Saturday, February 07, 2015


I came across this book by Paul A. Cantor this morning from Google Alerts (a most useful source on “invisible hands”) and my first thought was that it was a candidate for Lost Legacy’s  “Loony Tunes” irregular column. But reading on I realised it was meant seriously, though not, in my view, really relevant to our debate.
What the author means by the invisible hand is not as a Smithian metaphor; he refers, instead to the IH in its post-Samuelson sense as a so-called catch-all phrase for the current meaning of free-market, laissez-faire capitalism in which the role government is the enemy of hard Libertarianism.
The Book
 “The Invisible Hand in Popular Culture: Liberty vs. Authority in American Film and TV” by Paul A. Cantor, The University Press of Kentucky (2012).
The Book’s Blurb:
“Popular culture often champions freedom as the fundamentally American way of life and celebrates the virtues of independence and self-reliance. But film and television have also explored the tension between freedom and other core values, such as order and political stability. What may look like healthy, productive, and creative freedom from one point of view may look like chaos, anarchy, and a source of destructive conflict from another. Film and television continually pose the question: Can Americans deal with their problems on their own, or must they rely on political elites to manage their lives?
In this groundbreaking work, Paul A. Cantor explores the ways in which television shows such as Star Trek, The X-Files, South Park, and Deadwood and films such as The Aviator and Mars Attacks! have portrayed both top-down and bottom-up models of order. Drawing on the works of John Locke, Adam Smith, Alexis de Tocqueville, and other proponents of freedom, Cantor contrasts the classical liberal vision of America -- particularly its emphasis on the virtues of spontaneous order -- with the Marxist understanding of the "culture industry" and the Hobbesian model of absolute state control.
The Invisible Hand in Popular Culture concludes with a discussion of the impact of 9/11 on film and television, and the new anxieties emerging in contemporary alien-invasion narratives: the fear of a global technocracy that seeks to destroy the nuclear family, religious faith, local government, and other traditional bulwarks against the absolute state.”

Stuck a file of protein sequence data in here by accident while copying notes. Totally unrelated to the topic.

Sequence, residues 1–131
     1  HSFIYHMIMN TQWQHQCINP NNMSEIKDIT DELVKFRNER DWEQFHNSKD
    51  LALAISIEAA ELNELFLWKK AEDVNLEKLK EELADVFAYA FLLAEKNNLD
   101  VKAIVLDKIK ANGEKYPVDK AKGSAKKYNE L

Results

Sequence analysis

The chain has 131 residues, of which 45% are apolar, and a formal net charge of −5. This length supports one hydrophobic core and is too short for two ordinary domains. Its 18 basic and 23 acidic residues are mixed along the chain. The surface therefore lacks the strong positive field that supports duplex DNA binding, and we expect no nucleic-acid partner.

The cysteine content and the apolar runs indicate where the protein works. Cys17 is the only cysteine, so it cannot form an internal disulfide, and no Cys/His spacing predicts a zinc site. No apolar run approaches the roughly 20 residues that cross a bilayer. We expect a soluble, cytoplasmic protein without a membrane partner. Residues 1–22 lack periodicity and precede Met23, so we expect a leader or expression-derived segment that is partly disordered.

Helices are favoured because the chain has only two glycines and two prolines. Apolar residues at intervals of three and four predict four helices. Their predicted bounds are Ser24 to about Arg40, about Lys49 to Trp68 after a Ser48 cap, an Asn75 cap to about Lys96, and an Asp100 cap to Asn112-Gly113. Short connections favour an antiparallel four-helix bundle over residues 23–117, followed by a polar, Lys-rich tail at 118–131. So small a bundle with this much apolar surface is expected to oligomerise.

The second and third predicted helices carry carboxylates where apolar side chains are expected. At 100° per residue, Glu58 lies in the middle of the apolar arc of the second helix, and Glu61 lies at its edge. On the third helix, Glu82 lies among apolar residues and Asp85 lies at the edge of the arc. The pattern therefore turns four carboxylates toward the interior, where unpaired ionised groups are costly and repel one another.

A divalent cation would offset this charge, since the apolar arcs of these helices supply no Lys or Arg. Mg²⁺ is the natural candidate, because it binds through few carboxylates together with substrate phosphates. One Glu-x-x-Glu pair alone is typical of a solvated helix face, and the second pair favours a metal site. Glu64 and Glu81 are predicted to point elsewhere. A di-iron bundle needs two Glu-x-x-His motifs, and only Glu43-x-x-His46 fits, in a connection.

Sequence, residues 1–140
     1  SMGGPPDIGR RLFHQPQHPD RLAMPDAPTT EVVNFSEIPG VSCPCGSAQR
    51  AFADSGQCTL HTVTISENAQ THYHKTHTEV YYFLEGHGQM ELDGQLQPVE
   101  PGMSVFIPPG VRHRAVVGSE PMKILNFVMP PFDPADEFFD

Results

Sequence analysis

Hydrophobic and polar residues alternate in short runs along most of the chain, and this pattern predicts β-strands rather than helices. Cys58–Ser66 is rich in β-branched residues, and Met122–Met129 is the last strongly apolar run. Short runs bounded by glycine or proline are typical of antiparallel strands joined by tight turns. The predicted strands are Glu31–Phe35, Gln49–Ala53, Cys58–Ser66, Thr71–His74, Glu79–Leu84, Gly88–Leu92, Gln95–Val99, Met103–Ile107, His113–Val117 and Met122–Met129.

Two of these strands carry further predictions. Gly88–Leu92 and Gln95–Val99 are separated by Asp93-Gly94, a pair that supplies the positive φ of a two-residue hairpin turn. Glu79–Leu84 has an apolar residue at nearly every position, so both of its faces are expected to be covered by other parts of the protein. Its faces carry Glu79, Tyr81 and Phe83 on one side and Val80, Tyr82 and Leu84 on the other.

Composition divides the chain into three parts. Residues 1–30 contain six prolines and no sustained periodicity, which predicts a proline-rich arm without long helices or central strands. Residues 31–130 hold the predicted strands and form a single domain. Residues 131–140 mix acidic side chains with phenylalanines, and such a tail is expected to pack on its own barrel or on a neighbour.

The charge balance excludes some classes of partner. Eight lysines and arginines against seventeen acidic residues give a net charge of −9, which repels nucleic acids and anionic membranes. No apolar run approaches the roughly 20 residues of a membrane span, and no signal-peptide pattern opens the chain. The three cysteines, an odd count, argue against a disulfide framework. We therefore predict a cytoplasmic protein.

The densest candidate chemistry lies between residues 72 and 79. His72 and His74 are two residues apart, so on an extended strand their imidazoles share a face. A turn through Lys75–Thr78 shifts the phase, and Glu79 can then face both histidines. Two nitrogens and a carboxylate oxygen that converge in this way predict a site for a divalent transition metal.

One of the book’s reviewer’s comments:
“Ryan’s” Amazon Review (6 May 2013:) HERE“Ryan’s” Amazon Review (6 May 2013)
Cantor, an expert on Shakespeare and a professor of English at the University of Virginia, has again returned to the topic of television and film with his new book The Invisible Hand in Popular Culture: Liberty vs. Authority in American Film and TV, and further expands on the topics of globalization, markets, and state power first presented in his 2001 book Gilligan Unbound.
This new volume is even more substantial than the previous one, featuring ten essays on film and television ranging from UFO movies to Westerns to South Park. In addition, the introduction provides an extensive discussion on the very nature of pop culture, how it is produced, and how it should be interpreted.
Written in clear language for the curious layman, but carefully footnoted for the scholar, Invisible Hand helps us look in a new way at the images on the screen that undeniably have an enormous effect on the viewer's notions of history, government, freedom, and the human experience.
Cantor begins by explaining the conflict between liberty and authority by looking at two distinct and opposing options in the Western genre offered by the television shows 'Have Gun - Will Travel' (1957-1963) and 'Deadwood' (2004-2006).
'Have Gun' provides the (conventional and authoritarian) view offered by Westerns, and as Cantor notes, the show's hero Paladin imposes order on a frontier composed largely of racist rubes, petty tyrants and superstitious fools. Every town, it seems, has a lynch mob, and the "unending sequence of tyrannical rich men" in 'Have Gun' sets the stage for many showdowns between the enlightened and refined hero Paladin and his backward enemies.
Paladin, Cantor notes, looks remarkably like the members of the ruling class in Washington D.C.

It was of course inevitable that once the non-Smithian fable that Smith’s wholly innocent use of the “invisible-hand” metaphor was transmuted by some classsical economists into “laissez-faire” markets (for ‘merchants and manufacturers’ - but sadly not for consumers), followed later by neo-classical economists into an alleged miraculous property of ‘capitalism’ and the original error would be compounded when non-economists re-applied the notion to their own subject specialisms. Hence Professor Cantor’s innocent contributions, which while interesting are not really funny enough for Loony Tunes.
[A correspondent has chastised me for spelling Loony Tunes without and 'e'. I am always grateful for helpful readers correcting errors but my reasons for spelling 'Loony' without and 'e' is to avert any litigious claims that I am using a protected copyright title from the owners of the popular film/tv cartoon programme's use of Looney with an 'e'. OK?]


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